In COM, ITypeInfo and IDispatch allow for programmatic discovery of an object's methods and properties. Development tools like VisualBasic discover methods, properties, and events for ActiveX controls. It displayes a graphical table that allows users to customize properties of controls inserted into forms, and uses it to discover the envents that can be dispatched from the control back to the form so the developer can implement EventHandlers? (e.g., MyWidget_OnButtonClick would be an event handler shown in the form's drop-down list of functions and subroutines for a control named MyWidget?).

In most CORBA implementations there is an Interface respository that you can query for information about Modules, Interfaces, Methods and the like. This information can be used to construct Request objects using CORBA's Dynamic Invocation Interface to make CORBA calls whose structure was not known at runtime.

Example

Implementation

Sample Code

Related Patterns

In Java, one can FallBackOnReflection to support InterfaceDiscovery.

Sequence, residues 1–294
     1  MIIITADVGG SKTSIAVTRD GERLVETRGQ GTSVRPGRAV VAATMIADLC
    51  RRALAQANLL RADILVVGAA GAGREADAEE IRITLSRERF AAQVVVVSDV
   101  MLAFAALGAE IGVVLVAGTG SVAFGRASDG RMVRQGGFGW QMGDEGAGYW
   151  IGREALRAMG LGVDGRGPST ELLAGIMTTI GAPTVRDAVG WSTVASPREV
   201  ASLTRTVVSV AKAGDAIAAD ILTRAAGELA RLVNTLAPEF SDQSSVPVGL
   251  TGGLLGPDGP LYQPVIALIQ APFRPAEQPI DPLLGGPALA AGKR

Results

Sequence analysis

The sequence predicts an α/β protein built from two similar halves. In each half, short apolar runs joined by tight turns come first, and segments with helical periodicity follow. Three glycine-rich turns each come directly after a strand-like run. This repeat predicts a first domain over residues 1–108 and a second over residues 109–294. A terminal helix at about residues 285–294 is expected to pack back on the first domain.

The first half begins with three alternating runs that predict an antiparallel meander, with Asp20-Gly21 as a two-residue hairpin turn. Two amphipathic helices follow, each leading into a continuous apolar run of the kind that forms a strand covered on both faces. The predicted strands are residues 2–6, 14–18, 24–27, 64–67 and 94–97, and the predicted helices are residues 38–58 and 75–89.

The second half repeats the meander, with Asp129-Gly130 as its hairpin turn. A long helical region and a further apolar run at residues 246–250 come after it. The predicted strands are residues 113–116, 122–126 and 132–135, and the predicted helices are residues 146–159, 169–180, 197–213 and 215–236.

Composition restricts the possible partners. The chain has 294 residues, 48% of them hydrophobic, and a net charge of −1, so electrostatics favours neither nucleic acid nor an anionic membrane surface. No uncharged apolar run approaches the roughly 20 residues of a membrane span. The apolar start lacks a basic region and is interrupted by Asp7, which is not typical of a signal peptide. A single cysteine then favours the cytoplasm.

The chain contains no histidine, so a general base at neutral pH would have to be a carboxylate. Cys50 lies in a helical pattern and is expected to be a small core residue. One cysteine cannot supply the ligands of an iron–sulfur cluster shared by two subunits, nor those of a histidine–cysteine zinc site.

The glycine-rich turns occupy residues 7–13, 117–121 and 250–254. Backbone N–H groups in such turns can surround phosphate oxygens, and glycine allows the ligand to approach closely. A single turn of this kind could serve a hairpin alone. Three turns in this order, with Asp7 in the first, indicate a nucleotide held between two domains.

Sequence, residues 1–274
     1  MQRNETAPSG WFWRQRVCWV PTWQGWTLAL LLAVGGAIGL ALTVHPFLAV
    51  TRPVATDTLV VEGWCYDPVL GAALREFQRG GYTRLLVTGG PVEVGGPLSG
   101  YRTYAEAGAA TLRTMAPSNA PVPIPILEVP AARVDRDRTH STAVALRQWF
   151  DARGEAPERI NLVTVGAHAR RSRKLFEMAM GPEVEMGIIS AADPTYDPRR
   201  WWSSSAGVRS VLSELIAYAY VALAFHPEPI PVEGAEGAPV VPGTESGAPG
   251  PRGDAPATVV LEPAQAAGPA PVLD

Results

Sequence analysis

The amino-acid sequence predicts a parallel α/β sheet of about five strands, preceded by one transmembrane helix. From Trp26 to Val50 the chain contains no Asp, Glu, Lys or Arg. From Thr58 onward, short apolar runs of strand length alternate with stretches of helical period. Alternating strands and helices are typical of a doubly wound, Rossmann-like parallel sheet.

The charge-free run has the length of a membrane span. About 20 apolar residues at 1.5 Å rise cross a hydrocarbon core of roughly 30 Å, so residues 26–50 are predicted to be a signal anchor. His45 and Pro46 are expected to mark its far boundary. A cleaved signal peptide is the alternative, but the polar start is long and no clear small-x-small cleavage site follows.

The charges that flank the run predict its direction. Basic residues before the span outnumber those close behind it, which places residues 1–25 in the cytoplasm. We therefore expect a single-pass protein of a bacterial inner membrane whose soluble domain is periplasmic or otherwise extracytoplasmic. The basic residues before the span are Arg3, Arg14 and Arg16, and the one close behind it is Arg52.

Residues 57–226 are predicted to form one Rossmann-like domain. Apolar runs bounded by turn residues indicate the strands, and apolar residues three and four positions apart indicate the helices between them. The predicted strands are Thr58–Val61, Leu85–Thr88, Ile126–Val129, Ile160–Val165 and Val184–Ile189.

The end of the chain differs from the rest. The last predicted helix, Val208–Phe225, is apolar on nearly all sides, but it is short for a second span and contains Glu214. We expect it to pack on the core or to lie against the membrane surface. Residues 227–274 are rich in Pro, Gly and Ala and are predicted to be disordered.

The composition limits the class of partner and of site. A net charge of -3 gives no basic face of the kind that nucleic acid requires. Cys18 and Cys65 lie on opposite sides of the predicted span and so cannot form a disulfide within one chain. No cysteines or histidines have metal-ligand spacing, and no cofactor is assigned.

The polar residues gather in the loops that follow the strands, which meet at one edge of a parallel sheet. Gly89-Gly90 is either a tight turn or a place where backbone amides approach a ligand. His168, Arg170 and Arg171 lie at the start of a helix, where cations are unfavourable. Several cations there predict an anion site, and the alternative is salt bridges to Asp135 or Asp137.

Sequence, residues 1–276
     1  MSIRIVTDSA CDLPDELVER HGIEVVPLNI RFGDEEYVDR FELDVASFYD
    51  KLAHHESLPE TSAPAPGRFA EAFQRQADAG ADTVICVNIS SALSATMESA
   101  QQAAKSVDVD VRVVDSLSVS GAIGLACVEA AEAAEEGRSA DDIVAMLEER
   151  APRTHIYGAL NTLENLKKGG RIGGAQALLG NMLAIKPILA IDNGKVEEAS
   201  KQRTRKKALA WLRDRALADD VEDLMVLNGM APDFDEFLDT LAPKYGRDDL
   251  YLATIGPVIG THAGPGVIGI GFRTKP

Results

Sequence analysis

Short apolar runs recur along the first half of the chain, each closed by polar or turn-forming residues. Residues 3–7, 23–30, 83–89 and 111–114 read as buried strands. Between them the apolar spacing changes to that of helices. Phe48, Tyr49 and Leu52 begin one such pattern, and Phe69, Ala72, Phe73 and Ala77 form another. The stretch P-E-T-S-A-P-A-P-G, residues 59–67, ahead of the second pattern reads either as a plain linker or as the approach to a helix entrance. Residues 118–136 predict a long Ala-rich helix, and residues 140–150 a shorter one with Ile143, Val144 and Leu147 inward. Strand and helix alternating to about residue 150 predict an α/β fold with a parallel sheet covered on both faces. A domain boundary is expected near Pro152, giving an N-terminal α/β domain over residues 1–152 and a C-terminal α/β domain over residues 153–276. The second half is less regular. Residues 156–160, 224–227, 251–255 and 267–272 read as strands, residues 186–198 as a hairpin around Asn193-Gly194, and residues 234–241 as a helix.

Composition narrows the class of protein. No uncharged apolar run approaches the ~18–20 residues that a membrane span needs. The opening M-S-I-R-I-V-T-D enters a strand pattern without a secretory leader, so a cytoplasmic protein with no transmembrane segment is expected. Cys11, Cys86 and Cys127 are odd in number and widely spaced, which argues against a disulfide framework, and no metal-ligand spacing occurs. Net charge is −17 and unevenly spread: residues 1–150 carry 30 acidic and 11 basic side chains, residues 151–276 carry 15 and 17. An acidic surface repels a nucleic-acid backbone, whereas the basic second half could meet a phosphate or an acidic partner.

When using scripting languages, such as Tcl, to control components one can write a BootstrapScript that dynamically creates new commands based on the interfaces of a component found by InterfaceDiscovery.

The common way that systems implement InterfaceDiscovery is to SplitDesignTimeAndRunTime.

Sometimes it makes sense to externalize this interface location and signature information. Components can use ContainerManagedPersistence to archive its discovery of interfaces. For instance, CORBA Beans [http://www.trcinc.com/corbabeans] covers archiving method signature information so your code doesn't need to be recompiled if and when it changes.
This material seems to be relevant to the subject matter of ServiceOrientedArchitecture, which has become a new buzzword. Perhaps some of this content could be moved to that page. Or are we looking at systems and environments from a different level of granualarity?
CategoryInterface ComponentDesignPatterns CategoryPattern CategoryDiscovery